|23/12/2013||Filled under Carradale, Christmas, house refurbishment, Scotland|
We hear on the news that Scotland will soon be battered by storms again. But what action to take, this is the problem. When someone shouts “Warning!” or “Look Out!” then we all know to duck down behind the sofa or jump out of the road, whichever is more appropriate. But here we are close to the shortest day, most of Winter still to come, right in the firing line for the latest depression, and it is difficult to know what exactly we should be doing.
Maybe there is some action I should be taking in preparation; a checklist is needed.
Is the house roof fastened on securely? Well it was OK for last week’s storm and the one just before that so it should stay put for this one, shouldn’t it? It survived last winter’s gales too when dozens of our electricity pylons crumpled and fell over.
Will the garden fence survive? Not a problem as we don’t have wooden fences here. They are far too vulnerable, an open invitation to be blown over. A wire mesh fence is what is needed, something that lets the wind pass right through.
Is the wheelie bin tied down? We have always kept it on a leash, tied by a rope to an eye screwed into the wall just by the back door to prevent it from flying around the garden – this is just the way we do things around here – so nothing needs to change there then.
What about preparing for the inevitable power outage, the sort of thing that happens when a spruce tree uproots and topples over onto the power lines close by? Well let’s see now… Candles? Check; Portable gas heater? Check; Camping gas cooker? Check; Freezer full of food? Check; Kindles on charge? Check (a bit of a giveaway this as it shows just how bang up to date we are with technology. We both use Kindles, his and hers, which mean we can read books in total darkness. Strange behaviour really so we don’t brag about it).
By now our excitement levels are right against the stop. Dire warnings of impending doom are broadcast on all the media. The ‘Met Office Amber Alert’ thingy is ringing in my ears and I am running out of preparation-y things to do. There really is little else for it. We just have go out to see what is really going on.
The noise we hear when we step outside the house is of the trees, leafless though they are, growling and whistling as they thrash about. Leaves, or the remains of them, instead of being blown away are collected rather neatly in a small circular pile where the wind has formed a vortex on its path around the garden shed. The burn at the bottom of our road is full, but no more so than normal, although the water is being blown upstream in the gullies beside the forest track and there are pine needles spinning down to form a pale brown layer on the mounds of sphagnum moss. Amidst all the noise from the trees there is something else in the background, like interference on a radio set, a hissing, roaring sound carried to us on the wind from Carradale Bay.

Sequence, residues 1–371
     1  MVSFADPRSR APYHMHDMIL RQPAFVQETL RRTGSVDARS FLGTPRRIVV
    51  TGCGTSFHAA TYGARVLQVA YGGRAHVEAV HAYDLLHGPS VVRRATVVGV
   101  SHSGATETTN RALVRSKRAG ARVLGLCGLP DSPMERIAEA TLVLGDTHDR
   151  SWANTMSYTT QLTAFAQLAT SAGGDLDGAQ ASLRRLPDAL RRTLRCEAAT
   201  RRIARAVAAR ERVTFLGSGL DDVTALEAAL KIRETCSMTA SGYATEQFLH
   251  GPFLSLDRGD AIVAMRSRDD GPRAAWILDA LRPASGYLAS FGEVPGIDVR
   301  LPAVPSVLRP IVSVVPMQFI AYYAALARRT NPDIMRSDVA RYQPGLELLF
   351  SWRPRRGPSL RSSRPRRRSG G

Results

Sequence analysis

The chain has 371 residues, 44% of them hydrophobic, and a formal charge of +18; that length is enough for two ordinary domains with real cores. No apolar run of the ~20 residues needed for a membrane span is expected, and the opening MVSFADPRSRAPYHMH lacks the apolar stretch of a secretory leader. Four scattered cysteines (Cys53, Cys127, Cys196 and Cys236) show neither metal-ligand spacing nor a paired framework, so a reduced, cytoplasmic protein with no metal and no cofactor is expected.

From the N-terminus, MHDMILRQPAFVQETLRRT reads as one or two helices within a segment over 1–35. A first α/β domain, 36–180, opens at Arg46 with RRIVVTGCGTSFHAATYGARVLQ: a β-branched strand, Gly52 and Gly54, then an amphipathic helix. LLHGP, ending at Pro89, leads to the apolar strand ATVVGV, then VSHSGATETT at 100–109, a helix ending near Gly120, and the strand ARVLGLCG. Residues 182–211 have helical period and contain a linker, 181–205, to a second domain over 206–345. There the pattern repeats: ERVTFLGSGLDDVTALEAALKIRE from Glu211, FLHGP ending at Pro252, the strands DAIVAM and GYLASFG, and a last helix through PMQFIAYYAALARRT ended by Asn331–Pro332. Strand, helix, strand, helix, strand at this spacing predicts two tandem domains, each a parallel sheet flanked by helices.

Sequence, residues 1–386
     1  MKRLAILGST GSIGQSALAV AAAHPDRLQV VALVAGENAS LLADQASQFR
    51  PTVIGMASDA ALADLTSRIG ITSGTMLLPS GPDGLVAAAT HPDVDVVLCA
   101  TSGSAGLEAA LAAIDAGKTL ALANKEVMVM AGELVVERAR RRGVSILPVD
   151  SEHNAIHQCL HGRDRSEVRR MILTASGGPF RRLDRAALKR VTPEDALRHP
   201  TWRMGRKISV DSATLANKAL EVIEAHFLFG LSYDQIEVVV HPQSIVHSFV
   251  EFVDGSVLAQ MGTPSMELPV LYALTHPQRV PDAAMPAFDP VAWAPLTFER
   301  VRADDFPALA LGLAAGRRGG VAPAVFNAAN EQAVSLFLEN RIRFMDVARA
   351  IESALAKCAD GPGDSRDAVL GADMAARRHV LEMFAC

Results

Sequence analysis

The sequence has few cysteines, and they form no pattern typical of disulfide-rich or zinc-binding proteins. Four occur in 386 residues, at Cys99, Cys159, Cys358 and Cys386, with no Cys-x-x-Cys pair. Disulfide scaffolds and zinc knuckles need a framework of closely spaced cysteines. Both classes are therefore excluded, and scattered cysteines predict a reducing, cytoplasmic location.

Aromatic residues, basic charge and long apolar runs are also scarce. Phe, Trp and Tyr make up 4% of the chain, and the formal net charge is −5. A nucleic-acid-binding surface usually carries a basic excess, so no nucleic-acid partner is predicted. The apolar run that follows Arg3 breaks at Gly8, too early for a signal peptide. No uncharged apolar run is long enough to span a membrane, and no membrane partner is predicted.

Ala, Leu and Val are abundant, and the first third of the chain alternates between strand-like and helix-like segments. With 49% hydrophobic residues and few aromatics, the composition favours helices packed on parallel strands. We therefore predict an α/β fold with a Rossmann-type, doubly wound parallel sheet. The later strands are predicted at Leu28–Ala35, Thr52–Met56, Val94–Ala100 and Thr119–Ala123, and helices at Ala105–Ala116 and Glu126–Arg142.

The tide is high at the beach, almost at maximum, but this is the sight that we came here for, to watch the white surf pounding in from the south. My glasses fog over with salt spray and white spume floats over my boots, continuing up the beach to the dunes beyond as we stand and admire the power of the sea where it meets the river, a boiling mass of confused water leaping in all directions. All along the tide line where we walk there are bundles of tangled seaweed into which are mixed the delicate shells of heart urchins, hundreds of them, ripped away from their comfortable homes by the storm. Large baulks of timber, some clearly natural, some fashioned by man, are thrown up randomly, the sand and sea having stripped the bark and smoothed the surface like a fine emery. As we walk along the beach the wind is now more on our backs so we barely notice the wave which launches itself at us coming up the beach at speed. If it could it would try to take us back with it, to mix us up with the foam and weed but we make a frantic dash up the beach, which would appear amusing if there were anyone else here to see it. But who else is crazy enough to venture out on a day like this. Very few, it has to be said.
Back home and inside the house things should be much quieter but the plastic sheet which covers the flat roof above our dormer windows has become loose and flaps about madly in the wind. Afraid of losing it completely – it is there to keep the rain from leaking through – last week found me climbing precariously up an extending ladder to try to tame the thing. But how can you control such a wild thing without nailing wooden battens across it, in the process making more holes in the roof for the water to leak through. Perhaps some heavy weights up there might hold it; but then I remember the power of the wind, the weight of it, the way it was throwing the sea about, picking up even wet sand off the beach, the way it bends trees to breaking point and beyond. Nothing I can think of (that I can physically lift up to the roof) would be heavy enough to resist being tossed about, thrown off the roof to the ground. For the moment the plastic sheet stays in place, until the next gale, or the one after.
Ordinarily we might be upset by this but another event has rather overshadowed things. Christmas arrives just a few days early when this delivery is dropped into our front garden. It doesn’t stay there long as our plumber, Tom, comes early the next day armed with spanners, blowtorch and determination. The heavyweight parcel contains our new central heating boiler, a modern, super-efficient machine which will give us plenty of warmth for years to come, a fine present from Santa and his elves.